Dignity: A History
In everything from philosophical ethics to legal argument to public activism, it has become commonplace to appeal to the idea of human dignity. In such contexts, the concept of dignity typically signifies something like the fundamental moral status belonging to all humans. Remarkably, however, it is only in the last century that this meaning of the term has become standardized. Before this, dignity was instead a concept associated with social status. Unfortunately, this transformation remains something of a mystery in existing scholarship. Exactly when and why did "dignity" change its meaning? And before this change, was it truly the case that we lacked a conception of human worth akin to the one that "dignity" now represents? In this volume, leading scholars across a range of disciplines attempt to answer such questions by clarifying the presently murky history of "dignity," from classical Greek thought through the Middle Ages and Enlightenment to the present day.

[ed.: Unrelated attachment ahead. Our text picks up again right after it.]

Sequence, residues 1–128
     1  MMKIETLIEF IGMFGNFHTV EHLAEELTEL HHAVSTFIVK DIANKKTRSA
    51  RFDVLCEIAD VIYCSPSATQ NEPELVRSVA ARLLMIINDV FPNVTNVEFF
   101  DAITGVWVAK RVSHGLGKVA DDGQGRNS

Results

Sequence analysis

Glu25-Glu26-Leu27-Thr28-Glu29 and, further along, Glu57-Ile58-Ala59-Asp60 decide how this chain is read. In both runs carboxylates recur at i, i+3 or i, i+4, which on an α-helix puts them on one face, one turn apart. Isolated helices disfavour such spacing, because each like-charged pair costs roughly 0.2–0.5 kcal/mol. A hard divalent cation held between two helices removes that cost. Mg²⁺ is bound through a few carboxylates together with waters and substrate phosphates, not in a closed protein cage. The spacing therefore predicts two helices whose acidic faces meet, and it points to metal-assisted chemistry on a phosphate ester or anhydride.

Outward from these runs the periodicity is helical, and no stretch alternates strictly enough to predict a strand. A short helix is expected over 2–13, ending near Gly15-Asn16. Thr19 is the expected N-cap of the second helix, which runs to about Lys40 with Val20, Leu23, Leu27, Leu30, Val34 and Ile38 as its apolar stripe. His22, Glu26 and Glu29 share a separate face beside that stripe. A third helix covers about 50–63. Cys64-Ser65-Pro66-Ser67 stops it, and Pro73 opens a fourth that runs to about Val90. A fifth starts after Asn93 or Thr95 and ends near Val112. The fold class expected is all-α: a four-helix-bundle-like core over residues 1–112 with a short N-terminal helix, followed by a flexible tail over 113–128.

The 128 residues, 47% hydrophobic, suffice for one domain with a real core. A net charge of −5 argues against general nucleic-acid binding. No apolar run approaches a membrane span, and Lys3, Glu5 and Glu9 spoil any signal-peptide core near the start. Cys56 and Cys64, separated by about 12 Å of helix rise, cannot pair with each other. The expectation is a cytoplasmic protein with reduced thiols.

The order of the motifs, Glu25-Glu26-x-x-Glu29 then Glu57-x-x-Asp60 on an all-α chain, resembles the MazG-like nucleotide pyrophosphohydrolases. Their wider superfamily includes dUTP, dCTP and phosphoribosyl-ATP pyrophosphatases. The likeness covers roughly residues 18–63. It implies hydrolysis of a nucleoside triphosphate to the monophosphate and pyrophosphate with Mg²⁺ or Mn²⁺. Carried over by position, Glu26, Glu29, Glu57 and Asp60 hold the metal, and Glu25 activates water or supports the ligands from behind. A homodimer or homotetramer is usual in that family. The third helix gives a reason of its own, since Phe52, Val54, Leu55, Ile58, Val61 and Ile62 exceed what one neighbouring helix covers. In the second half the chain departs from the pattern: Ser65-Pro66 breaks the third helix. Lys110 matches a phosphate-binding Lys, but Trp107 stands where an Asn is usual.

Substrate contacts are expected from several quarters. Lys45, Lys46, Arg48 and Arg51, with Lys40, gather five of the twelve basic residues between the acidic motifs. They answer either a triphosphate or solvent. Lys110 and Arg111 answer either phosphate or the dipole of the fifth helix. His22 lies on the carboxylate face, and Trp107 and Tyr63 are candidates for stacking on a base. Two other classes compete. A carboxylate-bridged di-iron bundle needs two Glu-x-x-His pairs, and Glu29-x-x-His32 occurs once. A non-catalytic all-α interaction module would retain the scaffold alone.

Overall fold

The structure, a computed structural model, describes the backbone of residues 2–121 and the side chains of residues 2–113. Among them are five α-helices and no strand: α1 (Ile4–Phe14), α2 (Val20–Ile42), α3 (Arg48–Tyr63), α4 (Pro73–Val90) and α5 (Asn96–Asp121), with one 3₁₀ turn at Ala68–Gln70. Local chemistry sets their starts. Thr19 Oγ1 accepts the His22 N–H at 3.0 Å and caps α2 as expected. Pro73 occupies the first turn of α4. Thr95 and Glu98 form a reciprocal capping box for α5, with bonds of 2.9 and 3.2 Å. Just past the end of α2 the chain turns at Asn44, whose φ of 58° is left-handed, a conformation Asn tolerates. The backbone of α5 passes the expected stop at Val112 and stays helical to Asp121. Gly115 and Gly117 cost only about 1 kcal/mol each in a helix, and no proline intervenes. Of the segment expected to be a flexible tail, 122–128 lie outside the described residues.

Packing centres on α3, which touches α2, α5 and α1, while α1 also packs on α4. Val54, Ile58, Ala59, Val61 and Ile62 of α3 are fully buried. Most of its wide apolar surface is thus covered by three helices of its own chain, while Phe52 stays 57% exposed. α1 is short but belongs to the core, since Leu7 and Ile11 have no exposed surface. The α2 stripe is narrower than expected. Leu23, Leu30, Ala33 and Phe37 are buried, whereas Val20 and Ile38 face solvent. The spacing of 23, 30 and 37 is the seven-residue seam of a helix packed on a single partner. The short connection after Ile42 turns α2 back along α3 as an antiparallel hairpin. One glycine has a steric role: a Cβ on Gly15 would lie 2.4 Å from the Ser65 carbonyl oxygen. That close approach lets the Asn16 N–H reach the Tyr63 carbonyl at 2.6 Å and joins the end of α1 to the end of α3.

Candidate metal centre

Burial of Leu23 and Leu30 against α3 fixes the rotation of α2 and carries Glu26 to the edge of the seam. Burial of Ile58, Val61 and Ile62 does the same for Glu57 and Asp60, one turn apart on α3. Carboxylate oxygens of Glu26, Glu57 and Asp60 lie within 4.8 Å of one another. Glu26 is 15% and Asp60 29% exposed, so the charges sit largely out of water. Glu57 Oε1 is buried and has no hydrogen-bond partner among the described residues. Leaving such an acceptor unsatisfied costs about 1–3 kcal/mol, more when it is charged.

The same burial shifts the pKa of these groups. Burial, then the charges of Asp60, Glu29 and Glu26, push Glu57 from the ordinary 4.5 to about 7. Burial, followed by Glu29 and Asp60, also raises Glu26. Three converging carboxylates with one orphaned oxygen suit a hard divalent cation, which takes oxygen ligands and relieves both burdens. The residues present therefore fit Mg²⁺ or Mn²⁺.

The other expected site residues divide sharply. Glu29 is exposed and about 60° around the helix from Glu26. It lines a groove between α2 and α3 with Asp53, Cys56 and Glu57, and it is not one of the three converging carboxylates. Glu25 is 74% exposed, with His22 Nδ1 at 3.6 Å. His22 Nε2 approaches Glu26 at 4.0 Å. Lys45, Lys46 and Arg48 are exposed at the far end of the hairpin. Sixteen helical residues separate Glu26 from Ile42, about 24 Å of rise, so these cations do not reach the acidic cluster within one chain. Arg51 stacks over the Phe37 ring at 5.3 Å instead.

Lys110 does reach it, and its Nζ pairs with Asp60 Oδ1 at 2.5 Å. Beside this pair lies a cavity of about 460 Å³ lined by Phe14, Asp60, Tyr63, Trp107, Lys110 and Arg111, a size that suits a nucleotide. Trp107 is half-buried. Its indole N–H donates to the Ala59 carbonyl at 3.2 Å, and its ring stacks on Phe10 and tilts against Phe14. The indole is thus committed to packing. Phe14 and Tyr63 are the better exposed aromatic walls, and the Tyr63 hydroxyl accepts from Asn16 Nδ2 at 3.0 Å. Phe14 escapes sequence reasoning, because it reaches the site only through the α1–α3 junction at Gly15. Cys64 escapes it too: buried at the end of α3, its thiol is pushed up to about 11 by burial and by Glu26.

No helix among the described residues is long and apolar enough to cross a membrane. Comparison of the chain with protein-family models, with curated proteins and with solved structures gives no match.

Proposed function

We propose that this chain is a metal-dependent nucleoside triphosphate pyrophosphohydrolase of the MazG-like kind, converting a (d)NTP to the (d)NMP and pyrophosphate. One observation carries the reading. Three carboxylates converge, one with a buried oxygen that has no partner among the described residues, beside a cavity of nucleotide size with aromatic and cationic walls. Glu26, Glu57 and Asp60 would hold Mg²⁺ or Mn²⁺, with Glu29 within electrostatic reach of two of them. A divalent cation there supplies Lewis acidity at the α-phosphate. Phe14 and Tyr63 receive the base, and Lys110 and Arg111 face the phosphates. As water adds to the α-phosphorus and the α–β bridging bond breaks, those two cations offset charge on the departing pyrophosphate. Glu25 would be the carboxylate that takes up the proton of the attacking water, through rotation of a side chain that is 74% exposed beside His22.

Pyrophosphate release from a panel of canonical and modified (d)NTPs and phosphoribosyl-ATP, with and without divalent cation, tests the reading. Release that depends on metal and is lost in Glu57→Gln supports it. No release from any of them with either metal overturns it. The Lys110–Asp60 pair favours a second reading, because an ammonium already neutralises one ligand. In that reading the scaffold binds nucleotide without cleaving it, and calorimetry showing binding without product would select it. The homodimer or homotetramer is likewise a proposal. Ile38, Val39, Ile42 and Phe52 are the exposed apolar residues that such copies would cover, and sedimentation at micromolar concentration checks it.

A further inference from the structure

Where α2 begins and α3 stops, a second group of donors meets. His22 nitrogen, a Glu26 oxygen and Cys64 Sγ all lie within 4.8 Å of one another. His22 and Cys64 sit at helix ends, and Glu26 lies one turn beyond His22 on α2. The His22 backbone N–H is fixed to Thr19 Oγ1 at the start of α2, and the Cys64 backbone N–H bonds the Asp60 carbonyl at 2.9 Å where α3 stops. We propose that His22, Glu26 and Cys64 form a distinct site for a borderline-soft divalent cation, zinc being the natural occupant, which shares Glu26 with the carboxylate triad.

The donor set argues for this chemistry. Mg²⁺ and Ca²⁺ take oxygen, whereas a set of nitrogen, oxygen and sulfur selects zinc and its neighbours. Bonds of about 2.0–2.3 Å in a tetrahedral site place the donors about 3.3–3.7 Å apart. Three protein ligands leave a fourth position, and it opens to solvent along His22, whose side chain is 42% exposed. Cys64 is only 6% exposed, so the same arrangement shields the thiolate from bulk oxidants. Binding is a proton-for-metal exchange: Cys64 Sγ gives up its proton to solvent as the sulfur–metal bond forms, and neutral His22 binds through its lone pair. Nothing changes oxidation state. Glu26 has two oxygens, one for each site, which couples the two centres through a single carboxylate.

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Achilles Achilles’s Adam angels Aquinas argues argument Augustine Augustine’s axios bioethics body Bois’s Boisian sympathy bourgeois bourgeois dignity Cambridge University Press capacity Categorical Imperative century chapter Christ Christian Cicero claim classical concept of dignity contemporary context Crummell cultural Darwall debates Diderot dignity’s discussion Douglass duties emotion Encyclopédie equal Ethics Eumaeus example freedom God’s Greek Homeric honor human dignity human nature human rights idea Immanuel Kant individual inherent Islamic Jeremy Waldron justice Kant Kant’s Kantian kind Latin man’s Manetti Marx’s means medieval Mencius normative notion obligations Odysseus one’s Oxford University Press passage passions person Philoctetes philosophical Pico Pico’s political Priam Pufendorf question Qur’an rank rational reason Remy Debes Renaissance respect Rosen Rousseau Samuel Pufendorf second-personal sense slavery slaves social society sorrow songs soul Spectator status Stephen Darwall Stoic Summa theologiae thought tradition treatment unearned virtue words worth Würde York